When chatting with clients who aren’t seeing the profits that they want or expect, we often find, after taking a look at the numbers, that their pricing isn’t right. Most commonly, we find that pricing is too low, and the business owner is reluctant to raise the price. This is usually due to fear of competition and scaring away loyal customers. But the fact is that if you are providing a service of value, customers usually are loyal, and they expect an increase in price over time. What you will usually find is that rather than chasing away these loyal customers, your competitors will also raise their prices and you will make a profit! You can see an example of this in one of our case studies here.
Service over Price
When a customer chooses to stop buying your product or using your service, price is generally not the reason why. Usually the reason for leaving is down to the relationship they have with you. If you show your customers/clients that they can trust and depend on you, that you value them, they won’t dispute a small rise in price. Make sure you keep in touch with your most valued customers. A good thing to do, if you haven’t already, is keep a list of your customers/clients and rank them in categories in order (A,B,C) based on factors you consider make a good customer. Then you can make sure you contact all of your clients frequently, focussing on A ranked clients. Show them that you are interested and value what they have to say.
The effect of price on the bottom line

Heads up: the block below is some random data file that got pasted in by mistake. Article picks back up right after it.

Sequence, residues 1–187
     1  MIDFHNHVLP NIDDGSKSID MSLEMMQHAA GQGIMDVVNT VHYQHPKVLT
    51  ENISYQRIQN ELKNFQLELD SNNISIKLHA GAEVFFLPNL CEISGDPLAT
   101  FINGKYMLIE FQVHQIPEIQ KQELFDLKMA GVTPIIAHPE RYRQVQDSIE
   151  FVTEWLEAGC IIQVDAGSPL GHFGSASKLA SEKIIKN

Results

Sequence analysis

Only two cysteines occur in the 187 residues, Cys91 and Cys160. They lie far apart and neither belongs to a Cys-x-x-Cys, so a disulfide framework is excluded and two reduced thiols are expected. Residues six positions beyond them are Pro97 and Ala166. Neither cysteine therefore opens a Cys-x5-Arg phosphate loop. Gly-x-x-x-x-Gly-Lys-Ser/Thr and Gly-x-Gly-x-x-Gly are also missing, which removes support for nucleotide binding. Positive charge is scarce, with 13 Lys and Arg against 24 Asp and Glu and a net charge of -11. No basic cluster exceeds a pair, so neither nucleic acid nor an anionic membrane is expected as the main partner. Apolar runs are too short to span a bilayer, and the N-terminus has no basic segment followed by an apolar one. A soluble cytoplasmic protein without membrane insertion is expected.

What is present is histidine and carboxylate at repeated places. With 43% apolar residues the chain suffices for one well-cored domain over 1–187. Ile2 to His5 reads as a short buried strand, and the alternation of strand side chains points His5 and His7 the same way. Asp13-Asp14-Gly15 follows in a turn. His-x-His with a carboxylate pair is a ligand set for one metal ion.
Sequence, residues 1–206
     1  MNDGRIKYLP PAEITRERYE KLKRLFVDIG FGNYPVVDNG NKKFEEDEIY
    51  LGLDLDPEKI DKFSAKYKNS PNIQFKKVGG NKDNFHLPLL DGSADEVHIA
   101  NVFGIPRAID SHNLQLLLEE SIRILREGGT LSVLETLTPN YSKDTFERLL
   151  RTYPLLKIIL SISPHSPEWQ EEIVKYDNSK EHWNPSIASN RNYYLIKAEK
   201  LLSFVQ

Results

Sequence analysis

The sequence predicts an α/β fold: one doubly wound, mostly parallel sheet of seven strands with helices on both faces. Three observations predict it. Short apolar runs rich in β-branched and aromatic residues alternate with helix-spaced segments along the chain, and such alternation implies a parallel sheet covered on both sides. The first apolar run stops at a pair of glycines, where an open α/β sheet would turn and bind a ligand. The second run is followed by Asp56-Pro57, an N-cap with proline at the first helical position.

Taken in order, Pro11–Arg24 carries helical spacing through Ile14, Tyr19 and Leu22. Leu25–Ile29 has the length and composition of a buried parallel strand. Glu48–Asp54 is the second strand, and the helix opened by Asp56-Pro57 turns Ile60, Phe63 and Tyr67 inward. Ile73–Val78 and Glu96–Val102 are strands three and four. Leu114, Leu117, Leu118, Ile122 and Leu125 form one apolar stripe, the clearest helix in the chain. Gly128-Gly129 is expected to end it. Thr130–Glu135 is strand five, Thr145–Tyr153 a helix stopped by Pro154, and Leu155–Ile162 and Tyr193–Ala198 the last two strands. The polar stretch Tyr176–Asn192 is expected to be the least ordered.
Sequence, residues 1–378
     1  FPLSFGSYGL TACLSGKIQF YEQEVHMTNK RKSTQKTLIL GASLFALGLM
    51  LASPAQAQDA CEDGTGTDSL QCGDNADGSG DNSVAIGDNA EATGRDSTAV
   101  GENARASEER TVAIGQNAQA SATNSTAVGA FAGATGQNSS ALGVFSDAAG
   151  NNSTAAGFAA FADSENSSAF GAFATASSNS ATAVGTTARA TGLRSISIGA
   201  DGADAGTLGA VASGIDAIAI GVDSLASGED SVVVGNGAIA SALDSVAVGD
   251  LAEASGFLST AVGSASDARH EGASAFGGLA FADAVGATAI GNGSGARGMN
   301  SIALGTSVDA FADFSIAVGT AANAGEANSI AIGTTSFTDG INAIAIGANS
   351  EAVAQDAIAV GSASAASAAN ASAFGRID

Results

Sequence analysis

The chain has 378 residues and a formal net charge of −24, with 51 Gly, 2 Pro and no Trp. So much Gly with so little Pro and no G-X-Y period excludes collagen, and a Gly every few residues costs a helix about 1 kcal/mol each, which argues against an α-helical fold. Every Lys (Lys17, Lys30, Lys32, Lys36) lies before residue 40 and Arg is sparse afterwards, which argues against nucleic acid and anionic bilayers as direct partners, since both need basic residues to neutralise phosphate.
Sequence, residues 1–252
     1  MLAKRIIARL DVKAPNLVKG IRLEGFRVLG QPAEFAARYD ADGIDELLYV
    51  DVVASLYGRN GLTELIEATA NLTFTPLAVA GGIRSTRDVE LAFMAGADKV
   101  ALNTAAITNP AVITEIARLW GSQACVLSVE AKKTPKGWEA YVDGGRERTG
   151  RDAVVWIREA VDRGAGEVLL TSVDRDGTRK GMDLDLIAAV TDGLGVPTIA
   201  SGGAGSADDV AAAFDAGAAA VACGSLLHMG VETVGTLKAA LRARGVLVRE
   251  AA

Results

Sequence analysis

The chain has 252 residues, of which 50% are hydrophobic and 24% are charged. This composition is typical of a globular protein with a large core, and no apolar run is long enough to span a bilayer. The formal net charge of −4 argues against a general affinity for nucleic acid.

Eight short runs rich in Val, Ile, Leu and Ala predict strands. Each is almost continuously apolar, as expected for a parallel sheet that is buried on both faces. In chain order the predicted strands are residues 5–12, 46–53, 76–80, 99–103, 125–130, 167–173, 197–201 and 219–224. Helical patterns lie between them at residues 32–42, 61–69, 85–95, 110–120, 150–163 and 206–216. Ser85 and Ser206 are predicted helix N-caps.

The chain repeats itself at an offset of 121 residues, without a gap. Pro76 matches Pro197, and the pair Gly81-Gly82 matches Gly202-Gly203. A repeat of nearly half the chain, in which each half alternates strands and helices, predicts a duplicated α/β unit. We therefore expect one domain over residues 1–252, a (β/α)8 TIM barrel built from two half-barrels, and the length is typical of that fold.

Perhaps surprisingly, price has the biggest effect on the bottom line. Over all the other actions you can take, a small increase in the price you sell your product or service can have the biggest impact on your profit, even more so than winning new clients or increasing sales. The associated costs of other methods of increasing turnover often take a lot more time and are more expensive. For example, the marketing costs of bringing new customers in and the labour costs of the new work. Increasing prices is can be quick and cheap to implement. If you treat your customers well and they are happy with the service you provide, most won’t bat an eyelid at a small increase in price.
An example of the effect of increasing prices
|£ Per Unit||£ Per Unit|
|Less: Cost of sales (Labour, materials etc.)||40||40|
So, if you sell 10 units at £100, your profit will be £600.
However, if you increase your selling price by 20% and sell each unit for £120, you only need to sell 8 units to make a profit of £640 (8 x £80).
This means that you can easily afford to lose 20% of sales volume and still make more money.
Grow your business and increase profits
Is your business not making the profits that you want it to? If you need help to grow your business and increase your profits, get in touch! Rosslyn Associates provide business advisory and coaching services for growing, owner managed businesses. We can help you by really getting to know you and your business, so we can help create a plan for growth. We have regular meetings to ensure you stay on track. Working together, we can uncover the real issues in your business and find the areas that can be improved. As Chartered Tax Advisors, Accountants and Business Advisors, we have the ideal combination of skills to help you grow the business you really want. If you’d like a chat about how we can help, give us a call on 0131 445 1825 or email email@example.com.